I’m an Expat from Iceland and lived in South Africa for many years , but live in Malaysia now.
    My artistic ability went down the drain when I had my first solo exhibition 8 years ago in Kuala Lumpur and everything was stolen one day.
    It took me months to find the culprit and to get some of my stuff back, in fact I went to the second court case 2 weeks ago.
    I got a complete blockage from that time and haven’t been able to paint again, my studio is all sat up , but every time I go in and try to finish the one painting I started 4 years ago I just sit there and walk out again.
    I live 280 Km from the Capital of Kuala Lumpur in a small fishing Village with 3 bigger towns surrounding me .
    I decided to try to help myself by starting an art group at my apartment and advertised in the local Chinese Facebook group which has about 22 000 people in there.
    My advert mentioned that I’m looking for 6 adults to start an art group, beginners welcome
    I posted this Friday . I have got two replies, one wanting to be my fried on FB, my guess is that she wanted to check me out , which is OK. The other also Chinese wanted to know if I was a teacher and had thought before as she wanted to learn, but has never done any art.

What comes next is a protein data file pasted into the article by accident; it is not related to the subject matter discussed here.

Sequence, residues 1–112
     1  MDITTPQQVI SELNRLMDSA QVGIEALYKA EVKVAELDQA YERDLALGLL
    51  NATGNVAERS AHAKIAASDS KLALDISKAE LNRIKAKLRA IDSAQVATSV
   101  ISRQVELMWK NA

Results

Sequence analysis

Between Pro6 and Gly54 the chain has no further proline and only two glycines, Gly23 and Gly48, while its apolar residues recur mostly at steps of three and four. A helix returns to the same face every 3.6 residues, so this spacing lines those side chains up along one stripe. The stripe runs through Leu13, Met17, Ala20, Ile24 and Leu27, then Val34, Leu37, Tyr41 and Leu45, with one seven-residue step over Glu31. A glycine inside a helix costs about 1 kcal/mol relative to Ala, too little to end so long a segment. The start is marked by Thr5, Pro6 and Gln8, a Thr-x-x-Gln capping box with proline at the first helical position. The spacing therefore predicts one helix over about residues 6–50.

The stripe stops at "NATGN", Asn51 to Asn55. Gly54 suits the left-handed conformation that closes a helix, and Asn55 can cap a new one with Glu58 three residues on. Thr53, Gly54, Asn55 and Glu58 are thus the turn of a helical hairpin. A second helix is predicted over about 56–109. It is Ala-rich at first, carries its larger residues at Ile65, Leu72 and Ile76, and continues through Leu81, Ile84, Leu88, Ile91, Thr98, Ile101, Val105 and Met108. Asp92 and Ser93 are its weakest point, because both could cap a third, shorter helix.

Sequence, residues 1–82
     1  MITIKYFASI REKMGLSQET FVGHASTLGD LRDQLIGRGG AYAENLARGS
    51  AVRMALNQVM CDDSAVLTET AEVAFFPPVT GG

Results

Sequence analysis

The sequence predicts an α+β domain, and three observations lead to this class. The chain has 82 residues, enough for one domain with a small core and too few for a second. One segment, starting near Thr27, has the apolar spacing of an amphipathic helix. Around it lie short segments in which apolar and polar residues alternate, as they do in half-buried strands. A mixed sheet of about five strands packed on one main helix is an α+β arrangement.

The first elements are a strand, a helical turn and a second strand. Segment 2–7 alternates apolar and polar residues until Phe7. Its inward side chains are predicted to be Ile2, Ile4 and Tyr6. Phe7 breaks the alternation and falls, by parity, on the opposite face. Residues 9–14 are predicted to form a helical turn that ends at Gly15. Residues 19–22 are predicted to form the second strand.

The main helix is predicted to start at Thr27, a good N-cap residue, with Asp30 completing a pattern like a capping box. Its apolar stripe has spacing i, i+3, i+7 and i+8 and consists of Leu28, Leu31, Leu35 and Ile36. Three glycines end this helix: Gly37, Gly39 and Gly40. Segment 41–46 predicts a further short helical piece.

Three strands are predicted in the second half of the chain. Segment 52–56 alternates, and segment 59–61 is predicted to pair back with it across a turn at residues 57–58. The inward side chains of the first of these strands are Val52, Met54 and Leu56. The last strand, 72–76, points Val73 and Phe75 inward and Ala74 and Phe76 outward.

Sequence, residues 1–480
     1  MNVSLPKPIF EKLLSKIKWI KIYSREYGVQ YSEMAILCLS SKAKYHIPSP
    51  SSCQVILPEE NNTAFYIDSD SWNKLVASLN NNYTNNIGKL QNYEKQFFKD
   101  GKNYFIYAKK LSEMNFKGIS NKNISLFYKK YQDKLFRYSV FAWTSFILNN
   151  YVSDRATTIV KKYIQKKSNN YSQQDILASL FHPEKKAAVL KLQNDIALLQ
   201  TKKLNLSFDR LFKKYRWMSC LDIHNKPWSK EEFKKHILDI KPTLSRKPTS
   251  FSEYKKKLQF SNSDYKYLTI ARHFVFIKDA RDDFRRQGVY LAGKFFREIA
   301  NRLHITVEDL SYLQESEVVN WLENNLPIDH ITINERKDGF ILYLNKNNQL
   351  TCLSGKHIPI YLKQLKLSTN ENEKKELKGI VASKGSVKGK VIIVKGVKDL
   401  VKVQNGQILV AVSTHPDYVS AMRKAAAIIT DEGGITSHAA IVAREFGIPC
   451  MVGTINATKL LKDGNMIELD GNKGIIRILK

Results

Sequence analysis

I agreed that even tho I’m not a professional teacher I have taught before at my home, no charge
    She came back twice and both times said , later later , a Chinese way of saying.
    Now I checked her out and saw she is young and very busy with her children.
    Now I’m wondering if I should say No I don’t teach when they WhatsApp me
    as I really don’t want to teach one on one, I would rather have a group.
    I don’t mind beginners as I can guide them.
    I can’t charge, I wouldn’t get one person here by charging, I was really hoping for someone who already paints or is keen to.
    What is your advice to me about beginners ? And how do I reply to a question like this.
    I realise that to establish a good group will take some time as some will fall out while others will enjoy the journey enough to stay.
    I do have a problem with language as I don’t speak Chinese, but so far I see a lot of older people speaking English while the young once don’t, that’s due to historical government issues when they banned English in schools so the young once lost out.
    I actually seem to be rambling now, but I’d like your input in any case.
    Many Thanks
    Kristín Whitehead.

    Reply